Although Ko18 raised concern about heavy
metals in traditional Chinese medicines (Richard Ko, PharmD, PhD, written
communication, 2004) available in California, no studies have specifically
measured heavy metals in Ayurvedic (traditional Indian) HMPs sold in the United
States. We determined the heavy metal content in a sample of Ayurvedic HMPs
sold in Boston-area retail stores. We also estimated daily heavy metal intakes
for each HMP and compared these with maximum allowable regulatory standards.
We identified Boston-area stores selling Ayurvedic HMPs manufactured
in South Asia by searching online Yellow Pages19 using
the categories markets, supermarkets, and convenience stores, and business names
containing the wordIndia, Indian cities, and Indian
words; and an online national directory of Indian grocery stores,20 a South Asian community business directory,21 and a newspaper.22
Between April 25 and October 24, 2003, we visited all identified stores
that were 20 miles or less from Boston City Hall as measured by Microsoft
Streets and Trips 2002 (Microsoft Corp, Redmond, Wash). In each store, we
purchased 1 package of each HMP available that met the following inclusion
criteria: Ayurvedic herbal remedy, manufactured in South Asia, and intended
for oral use. When more than 1 store carried the same HMP (ie, identical name,
manufacturer, and formulation), the HMP was purchased from 1 store only. If
2 HMPs had the same name but were made by different manufacturers or had different
formulations (eg, powder and tablets), these HMPs were considered to be different
for the purposes of our study and were therefore both purchased. The name,
manufacturer, manufacturer’s location, lot number, formulation, indications,
recommended dosages, and cost per package were recorded for all HMPs purchased.
Non-English labels were professionally translated. Because this study did
not involve human participants, the Harvard Medical School’s institutional
review board determined that its approval was not required.
All HMPs were transferred to plastic pharmacy-grade vials (Tri-State
Distribution, Sparta, Tenn) and labeled with a numerical identifier only.
Vials were sent without interruption in chain of custody to the New England
Regional Environmental Protection Agency (EPA) laboratory for analysis. Laboratory
personnel were blinded to the identity of the HMPs. Solid HMPs were weighed
and homogenized thoroughly to reduce the risk of matrix interference from
particle size differences. To determine the metal concentration of the HMP,
samples were analyzed once by x-ray fluorescence spectroscopy23 using
the Spectro X-Laboratory 2000 XRF equipped with a tungsten x-ray tube, a Si(Li)-semiconductor
detector, and software version 2.2R03 I (Spectro Analytical Instruments, Kleve,
Germany). National Institute of Standards and Technology solid standard reference
materials (SRMs) 2709, 2710, 2711,24 and liquid
certified standards (SCP Science, Champlain, NY) containing specified heavy
metal concentrations served as positive and negative controls. We reported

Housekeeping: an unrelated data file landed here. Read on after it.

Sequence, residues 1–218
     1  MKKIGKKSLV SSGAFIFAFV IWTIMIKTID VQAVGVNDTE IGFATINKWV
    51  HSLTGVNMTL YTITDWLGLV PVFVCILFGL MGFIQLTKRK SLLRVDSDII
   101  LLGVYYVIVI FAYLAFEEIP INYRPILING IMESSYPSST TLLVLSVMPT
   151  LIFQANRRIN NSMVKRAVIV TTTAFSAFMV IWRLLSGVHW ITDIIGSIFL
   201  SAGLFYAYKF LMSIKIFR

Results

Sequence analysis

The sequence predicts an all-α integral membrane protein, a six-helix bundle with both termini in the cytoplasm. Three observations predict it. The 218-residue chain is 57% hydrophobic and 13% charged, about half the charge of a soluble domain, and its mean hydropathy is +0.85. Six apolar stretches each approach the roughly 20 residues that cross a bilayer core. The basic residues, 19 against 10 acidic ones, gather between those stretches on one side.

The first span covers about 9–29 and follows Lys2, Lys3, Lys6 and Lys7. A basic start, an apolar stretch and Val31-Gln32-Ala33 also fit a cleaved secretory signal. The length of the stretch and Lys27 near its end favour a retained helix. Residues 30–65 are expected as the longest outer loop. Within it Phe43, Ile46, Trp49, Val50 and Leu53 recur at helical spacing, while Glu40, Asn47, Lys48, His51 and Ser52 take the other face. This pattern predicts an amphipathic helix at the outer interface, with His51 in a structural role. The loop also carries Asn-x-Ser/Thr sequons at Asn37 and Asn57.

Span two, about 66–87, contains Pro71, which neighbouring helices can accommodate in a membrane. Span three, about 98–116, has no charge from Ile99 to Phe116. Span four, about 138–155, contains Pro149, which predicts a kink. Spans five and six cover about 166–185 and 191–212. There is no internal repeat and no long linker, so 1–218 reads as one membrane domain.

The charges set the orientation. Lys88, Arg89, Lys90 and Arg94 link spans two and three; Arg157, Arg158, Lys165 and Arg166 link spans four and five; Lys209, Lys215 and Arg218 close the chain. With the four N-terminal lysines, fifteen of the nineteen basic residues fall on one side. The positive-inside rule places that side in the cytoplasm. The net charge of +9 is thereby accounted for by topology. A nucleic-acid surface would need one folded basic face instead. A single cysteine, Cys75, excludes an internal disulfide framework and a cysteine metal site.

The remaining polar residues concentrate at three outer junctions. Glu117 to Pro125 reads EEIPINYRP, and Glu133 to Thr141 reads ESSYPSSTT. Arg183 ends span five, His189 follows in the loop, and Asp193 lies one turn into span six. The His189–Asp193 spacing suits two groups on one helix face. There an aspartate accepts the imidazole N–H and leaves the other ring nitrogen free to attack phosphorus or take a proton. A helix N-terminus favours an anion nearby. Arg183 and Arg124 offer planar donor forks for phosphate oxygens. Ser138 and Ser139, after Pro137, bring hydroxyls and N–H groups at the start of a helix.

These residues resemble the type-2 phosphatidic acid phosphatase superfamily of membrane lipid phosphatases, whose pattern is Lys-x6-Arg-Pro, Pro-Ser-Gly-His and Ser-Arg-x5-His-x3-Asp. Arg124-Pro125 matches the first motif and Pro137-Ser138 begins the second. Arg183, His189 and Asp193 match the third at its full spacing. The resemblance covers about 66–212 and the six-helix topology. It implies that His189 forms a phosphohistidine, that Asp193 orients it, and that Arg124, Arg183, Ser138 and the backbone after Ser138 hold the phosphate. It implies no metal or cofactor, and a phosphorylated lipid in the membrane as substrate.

metal concentrations in μg/g. The instrument’s minimum detection
limits were lead 5 μg/g, mercury 20 μg/g, arsenic 10 μg/g, and
cadmium 10 μg/g.
To assess reproducibility, we returned to the grocery stores from November
17 to 26, 2003, and attempted to repurchase 1 package of each HMP found on
initial testing to contain lead, mercury, arsenic, and/or cadmium. We also
used a computerized random number generator to select 14 HMPs for repurchase
among all HMPs found on initial testing to have no detectable heavy metals.
One package of each of the 14 negative HMPs was repurchased. Positive and
negative HMPs were repurchased irrespective of their lot numbers. Each repurchased
HMP received a new numerical identifier and was similarly transferred to vials,
which were sent to the EPA. At the laboratory, each HMP was split into 2 samples
and each sample was assayed twice alongside SRM controls.
We calculated the proportion of HMPs containing heavy metals. The coefficient
of variation for the metal concentrations was calculated using data from the
split-sample duplicate assays. If an HMP contained lead, we used the lead
concentration (measured in the original set of HMPs purchased), unit dose
weight, and recommended dosages to calculate the amount of lead that would
be ingested daily. If there was a range of suggested dosages, the daily ingestion
was presented as a range. For lead, we compared the daily ingestion for an
adult with the US Pharmacopeia (USP ) specifications
for the maximum allowable lead content (4.5 μg) in a 1500-mg daily dose
of calcium carbonate.25 For children, we compared
our estimated ranges with the USP specifications for the maximum
allowable lead content (1 μg) in a 2.5-mL daily dose of ferrous sulfate
suspension (assumes 2-mg elemental iron per kg/d for a 10-kg child taking
a 0.8-g elemental iron per 100-mL suspension).25,26 For
HMPs containing mercury, arsenic, or both, we similarly calculated the amount
of mercury, arsenic, or both that would be ingested daily. We compared estimated
ranges of mercury and arsenic intakes with their respective EPA established
reference doses (RfDs) for oral chronic exposure (0.3 μg/kg per day for
both mercuric chloride and arsenic).27
Using our search strategy, we purchased 70 unique Ayurvedic HMPs, manufactured